A recent article by Oregon Public Broadcasting returned this past research to the forefront. In 2012, the Fungi Perfecti Research Lab, founded by mycologist Paul Stamets received a grant from the U.S. Environmental Protection Agency to test a concept called mycofiltration for removing bacteria from stormwater.

Mycofiltration involves using fungi as biological filters. What most people recognize as fungi — the umbrella-shaped mushrooms that sprout up in the backyard after a rain storm — are just the reproductive structure of certain types of fungi. Underground, fungal mycelium forms a mat. It is this part of the organism that gathers nutrients and water. According to Fungi Perfecti, many fungi consume bacteria and secrete antibacterial metabolites.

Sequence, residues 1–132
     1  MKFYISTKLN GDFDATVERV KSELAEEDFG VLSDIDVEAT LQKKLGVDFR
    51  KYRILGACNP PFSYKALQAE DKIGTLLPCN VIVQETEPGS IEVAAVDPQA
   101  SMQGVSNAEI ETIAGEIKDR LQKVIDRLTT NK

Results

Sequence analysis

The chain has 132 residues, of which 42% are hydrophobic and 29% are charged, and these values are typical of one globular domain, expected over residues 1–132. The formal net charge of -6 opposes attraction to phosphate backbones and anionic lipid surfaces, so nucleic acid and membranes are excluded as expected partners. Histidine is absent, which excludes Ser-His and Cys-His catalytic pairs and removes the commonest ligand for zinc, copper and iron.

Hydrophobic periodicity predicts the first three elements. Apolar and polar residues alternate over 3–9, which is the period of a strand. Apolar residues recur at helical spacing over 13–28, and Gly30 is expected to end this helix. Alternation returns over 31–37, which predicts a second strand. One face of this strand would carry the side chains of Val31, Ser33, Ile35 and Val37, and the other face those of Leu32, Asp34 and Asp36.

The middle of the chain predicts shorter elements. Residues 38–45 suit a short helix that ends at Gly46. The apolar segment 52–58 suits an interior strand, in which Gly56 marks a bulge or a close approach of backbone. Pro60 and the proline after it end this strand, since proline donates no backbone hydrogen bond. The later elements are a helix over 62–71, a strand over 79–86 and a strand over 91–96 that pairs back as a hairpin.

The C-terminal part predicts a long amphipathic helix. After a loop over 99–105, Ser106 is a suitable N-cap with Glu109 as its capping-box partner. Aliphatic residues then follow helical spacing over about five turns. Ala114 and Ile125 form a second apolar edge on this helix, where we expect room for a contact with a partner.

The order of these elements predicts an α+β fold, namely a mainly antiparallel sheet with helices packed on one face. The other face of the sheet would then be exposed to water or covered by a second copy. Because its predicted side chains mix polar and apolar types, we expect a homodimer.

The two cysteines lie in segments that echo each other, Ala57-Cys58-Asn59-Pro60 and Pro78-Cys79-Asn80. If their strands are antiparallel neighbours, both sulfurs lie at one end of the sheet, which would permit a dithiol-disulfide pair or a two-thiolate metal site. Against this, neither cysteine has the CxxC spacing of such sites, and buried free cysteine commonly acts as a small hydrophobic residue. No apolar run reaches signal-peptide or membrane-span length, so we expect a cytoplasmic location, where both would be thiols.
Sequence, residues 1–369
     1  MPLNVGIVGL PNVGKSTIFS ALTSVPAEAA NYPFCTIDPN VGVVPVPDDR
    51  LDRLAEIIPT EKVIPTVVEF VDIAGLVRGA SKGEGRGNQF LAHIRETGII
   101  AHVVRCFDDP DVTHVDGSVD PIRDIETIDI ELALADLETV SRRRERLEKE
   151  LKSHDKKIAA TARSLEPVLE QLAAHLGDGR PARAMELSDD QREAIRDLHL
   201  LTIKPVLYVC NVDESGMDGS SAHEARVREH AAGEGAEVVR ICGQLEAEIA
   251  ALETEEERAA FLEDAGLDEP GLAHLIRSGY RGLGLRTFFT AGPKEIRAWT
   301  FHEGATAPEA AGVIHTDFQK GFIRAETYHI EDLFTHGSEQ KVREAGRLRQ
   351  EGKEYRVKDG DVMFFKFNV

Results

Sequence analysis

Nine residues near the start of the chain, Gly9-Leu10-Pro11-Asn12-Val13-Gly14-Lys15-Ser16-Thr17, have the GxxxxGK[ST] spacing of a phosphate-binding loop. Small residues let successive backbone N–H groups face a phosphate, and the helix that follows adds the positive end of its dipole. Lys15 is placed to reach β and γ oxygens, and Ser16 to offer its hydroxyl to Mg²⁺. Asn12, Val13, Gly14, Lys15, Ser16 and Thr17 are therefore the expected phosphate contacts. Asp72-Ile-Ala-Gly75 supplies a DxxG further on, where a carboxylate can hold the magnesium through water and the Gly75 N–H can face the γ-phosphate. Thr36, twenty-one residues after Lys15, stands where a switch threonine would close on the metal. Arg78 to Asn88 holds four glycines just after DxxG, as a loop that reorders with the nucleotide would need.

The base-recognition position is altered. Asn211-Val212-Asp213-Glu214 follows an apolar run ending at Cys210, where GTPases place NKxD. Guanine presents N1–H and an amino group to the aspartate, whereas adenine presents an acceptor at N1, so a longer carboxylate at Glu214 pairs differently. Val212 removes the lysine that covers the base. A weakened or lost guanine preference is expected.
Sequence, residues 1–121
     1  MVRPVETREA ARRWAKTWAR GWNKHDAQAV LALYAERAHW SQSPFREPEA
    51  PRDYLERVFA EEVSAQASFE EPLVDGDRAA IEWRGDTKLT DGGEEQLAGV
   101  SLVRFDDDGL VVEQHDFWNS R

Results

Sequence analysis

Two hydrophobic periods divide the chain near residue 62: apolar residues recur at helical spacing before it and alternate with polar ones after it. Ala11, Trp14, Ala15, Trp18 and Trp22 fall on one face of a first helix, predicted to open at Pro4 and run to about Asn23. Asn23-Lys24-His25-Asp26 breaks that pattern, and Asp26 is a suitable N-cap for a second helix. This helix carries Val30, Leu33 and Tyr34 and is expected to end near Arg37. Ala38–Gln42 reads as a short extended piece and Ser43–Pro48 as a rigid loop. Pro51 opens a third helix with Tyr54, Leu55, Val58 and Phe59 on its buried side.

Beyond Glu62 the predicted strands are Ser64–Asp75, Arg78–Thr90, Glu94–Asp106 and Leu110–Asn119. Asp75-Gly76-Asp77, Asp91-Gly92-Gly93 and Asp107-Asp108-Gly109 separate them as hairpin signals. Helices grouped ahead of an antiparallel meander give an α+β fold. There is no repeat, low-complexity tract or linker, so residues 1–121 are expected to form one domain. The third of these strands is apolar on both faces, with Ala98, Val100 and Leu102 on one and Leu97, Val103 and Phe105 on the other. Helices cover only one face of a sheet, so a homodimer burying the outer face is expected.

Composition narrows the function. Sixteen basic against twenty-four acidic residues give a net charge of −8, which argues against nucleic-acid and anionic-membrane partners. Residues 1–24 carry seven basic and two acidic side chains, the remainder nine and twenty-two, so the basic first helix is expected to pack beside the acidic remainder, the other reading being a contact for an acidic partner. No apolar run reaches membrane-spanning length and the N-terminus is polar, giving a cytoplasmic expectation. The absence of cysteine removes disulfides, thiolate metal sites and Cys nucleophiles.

Stamets had some practical experience with mycofiltration when he bought the farm where his company is now headquartered. A leaky septic system and farm animals were contributing to fecal contamination downstream. After receiving a court order, Stamets created a 200-foot bioswale with wood chips and Garden Giant fungi that was able to achieve a 99% reduction in fecal coliforms.

Fungi Perfecti, with help from Washington State University’s Civil and Environmental Engineering Department, tested the ability of various fungi to remove Escherichia coli and found that the Garden Giant, also known as King Stropharia, was the most effective. The report also found that mycofiltration can approach 100% E. coli removal in some cases involving sediment-bound bacteria. Read the report released in May 2013.

Based on other research, it is possible that fungi may also be able to reduce heavy metals and polycyclic aromatic hydrocarbons.

See a timelapse of King Stropharia mushrooms growing by Paul Stamets.